Unfortunately there has been little consideration of this aspect of the Data Protection Act. In many cases the act is pleaded, but the eventual decision hangs on some other branch of the law. For example in Campbell's case.

It seems to me that neither of the mugs could possibly be defamatory (“Phillip Woolarse” doesn't come close), no-one coudl think that the mugs implied that Mr Woolas endorsed the Wardman Wire or that they were really the same business as him. The photographs were taken from election leaflets, criticised by the election court, and so are hardly an invasion of Mr Woolas's privacy and, arguably, they are “art” and so defensible against a Data Protection Act 1998 claim.

So much for England, but spreadshirt is German based. Now as an English lawyer, I known next to nothing about German law, but as I understand it the German KunstUrhG (law on the copyright of works of visual arts and photography) recognises a right known as Recht am eigenen Bild, usually glossed as “right in their own image” which I will refer to as “image right”. Section 22 of the KunstUrhG prohibits the distribution or public exhibition of the image of an individual without that individual's consent. A right to control over the use of one's image is also derived from Article 2 of the German Basic Law.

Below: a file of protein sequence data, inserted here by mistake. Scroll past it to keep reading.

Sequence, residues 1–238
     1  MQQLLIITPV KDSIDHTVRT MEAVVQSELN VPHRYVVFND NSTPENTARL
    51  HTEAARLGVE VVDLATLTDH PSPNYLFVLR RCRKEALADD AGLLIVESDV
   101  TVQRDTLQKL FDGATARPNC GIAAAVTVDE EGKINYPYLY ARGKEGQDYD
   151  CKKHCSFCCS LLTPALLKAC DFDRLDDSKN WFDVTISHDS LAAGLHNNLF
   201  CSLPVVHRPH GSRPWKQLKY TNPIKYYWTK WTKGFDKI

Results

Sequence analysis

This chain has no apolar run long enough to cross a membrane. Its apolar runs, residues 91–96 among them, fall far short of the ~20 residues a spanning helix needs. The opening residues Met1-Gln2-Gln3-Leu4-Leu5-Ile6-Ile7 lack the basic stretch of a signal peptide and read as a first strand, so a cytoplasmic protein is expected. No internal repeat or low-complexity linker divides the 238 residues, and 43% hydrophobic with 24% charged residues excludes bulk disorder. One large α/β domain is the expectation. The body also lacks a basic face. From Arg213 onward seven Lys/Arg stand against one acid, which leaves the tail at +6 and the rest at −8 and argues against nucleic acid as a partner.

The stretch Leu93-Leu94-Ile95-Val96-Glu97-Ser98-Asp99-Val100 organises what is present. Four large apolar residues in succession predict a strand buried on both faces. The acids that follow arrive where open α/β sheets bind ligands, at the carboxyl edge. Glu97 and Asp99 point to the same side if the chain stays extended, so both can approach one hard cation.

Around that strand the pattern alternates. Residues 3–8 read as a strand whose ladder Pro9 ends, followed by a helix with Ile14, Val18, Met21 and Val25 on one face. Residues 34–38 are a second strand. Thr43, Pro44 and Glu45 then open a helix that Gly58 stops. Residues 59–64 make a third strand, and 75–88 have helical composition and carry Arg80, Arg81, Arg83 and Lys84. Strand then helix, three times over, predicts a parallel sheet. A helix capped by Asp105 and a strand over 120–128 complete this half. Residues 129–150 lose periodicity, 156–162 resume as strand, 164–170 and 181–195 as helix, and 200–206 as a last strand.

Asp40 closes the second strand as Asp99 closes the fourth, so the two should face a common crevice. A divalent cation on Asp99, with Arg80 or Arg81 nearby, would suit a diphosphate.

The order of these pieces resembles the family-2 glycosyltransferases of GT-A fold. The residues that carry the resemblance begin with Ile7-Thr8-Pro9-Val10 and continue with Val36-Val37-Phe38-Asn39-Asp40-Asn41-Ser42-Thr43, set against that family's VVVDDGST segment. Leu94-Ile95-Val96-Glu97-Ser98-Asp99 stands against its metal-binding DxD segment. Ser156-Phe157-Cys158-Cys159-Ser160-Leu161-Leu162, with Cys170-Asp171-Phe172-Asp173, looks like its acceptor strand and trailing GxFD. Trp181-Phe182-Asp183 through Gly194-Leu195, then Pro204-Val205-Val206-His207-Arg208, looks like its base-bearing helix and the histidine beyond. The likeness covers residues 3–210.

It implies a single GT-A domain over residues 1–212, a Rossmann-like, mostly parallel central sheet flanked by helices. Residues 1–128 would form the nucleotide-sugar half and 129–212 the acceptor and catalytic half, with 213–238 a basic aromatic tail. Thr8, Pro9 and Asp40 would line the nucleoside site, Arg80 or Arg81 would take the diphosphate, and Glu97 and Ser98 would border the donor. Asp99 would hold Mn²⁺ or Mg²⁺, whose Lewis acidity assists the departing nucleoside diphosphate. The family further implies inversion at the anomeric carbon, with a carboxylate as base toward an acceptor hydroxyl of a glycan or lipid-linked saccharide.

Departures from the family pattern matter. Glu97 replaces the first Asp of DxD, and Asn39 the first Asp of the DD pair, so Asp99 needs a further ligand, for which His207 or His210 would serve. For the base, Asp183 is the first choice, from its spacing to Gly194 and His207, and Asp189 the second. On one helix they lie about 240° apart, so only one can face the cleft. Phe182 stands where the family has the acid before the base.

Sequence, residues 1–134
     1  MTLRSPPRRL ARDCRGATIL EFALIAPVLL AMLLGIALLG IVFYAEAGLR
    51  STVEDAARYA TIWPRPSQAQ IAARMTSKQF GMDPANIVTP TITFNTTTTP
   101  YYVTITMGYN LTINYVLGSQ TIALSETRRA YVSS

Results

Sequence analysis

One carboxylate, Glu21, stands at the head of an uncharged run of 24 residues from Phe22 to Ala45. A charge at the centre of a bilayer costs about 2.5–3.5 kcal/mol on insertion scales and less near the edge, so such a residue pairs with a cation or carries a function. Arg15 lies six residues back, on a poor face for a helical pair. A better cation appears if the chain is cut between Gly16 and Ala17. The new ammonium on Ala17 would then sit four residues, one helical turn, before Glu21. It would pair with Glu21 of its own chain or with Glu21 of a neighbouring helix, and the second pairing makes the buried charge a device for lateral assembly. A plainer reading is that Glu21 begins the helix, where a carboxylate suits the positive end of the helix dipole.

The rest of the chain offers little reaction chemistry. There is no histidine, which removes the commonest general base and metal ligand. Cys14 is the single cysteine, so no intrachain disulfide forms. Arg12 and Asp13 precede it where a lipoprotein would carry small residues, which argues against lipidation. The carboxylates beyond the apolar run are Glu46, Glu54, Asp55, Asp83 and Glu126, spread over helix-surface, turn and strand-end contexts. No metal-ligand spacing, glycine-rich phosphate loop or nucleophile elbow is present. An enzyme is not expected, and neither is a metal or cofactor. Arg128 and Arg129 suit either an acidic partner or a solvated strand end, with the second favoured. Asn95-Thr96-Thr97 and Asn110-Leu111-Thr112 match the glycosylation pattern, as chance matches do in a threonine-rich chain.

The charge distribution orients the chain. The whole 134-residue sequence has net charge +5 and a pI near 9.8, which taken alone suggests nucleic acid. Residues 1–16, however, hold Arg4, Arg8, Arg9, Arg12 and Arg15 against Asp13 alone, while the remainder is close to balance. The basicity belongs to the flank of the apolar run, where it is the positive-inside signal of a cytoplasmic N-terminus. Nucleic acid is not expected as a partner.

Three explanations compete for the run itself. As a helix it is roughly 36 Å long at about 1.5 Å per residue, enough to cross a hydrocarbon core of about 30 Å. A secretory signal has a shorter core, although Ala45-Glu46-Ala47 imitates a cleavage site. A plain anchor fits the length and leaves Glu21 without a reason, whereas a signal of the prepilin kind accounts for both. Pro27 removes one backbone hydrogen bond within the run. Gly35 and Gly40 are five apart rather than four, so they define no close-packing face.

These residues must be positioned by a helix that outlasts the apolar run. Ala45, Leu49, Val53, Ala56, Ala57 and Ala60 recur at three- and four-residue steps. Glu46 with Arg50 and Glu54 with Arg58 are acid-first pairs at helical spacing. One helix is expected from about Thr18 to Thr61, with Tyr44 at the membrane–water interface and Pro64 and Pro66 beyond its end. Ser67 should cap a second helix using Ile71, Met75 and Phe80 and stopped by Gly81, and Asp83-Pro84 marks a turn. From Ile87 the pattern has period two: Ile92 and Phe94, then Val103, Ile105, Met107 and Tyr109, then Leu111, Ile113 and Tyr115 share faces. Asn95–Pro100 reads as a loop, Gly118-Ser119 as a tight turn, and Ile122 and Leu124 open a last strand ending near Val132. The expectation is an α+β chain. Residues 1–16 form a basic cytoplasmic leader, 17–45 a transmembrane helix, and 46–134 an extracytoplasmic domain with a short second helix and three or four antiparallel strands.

To an English lawyer's eyes this seems, at least at first sight, to give an excessive degree of control by an individual over the use of their image, and also to be a serious impairment of the freedom of speech. But German law is much more nuanced than that, not least because Article 5 of the Basic Law guarantees a right to freedom of expression.

Section 23 of the KunstUrhG makes a number of sensible exceptions, including one for images of people from the sphere of contemporary history (Bereiche der Zeitgeschichte). Until recently the German courts divided contemporary public figures into two groups: absolute figures of contemporary society (absolute Person der Zeitgeschichte) — those who stand out from the rest of society for example because of their political or social position, such as major political figures; and relative figures of contemporary society (relative Person der Zeitgeschichte)— those in whom there is public interest only due to a single event, such as victims of a notorious crime.

Section 23(1) is subject to section 23(2) which prevents distribution or display which harms the legitimate interests of the person portrayed (or after their death, the legitimate interests of their family). But section 23(2) aside, the absolute/relative classification would have meant that absolute figures of contemporary society had little protection against the use of photographs in a way that invaded their private lives unless they could show that a specific legitimate interest had been harmed.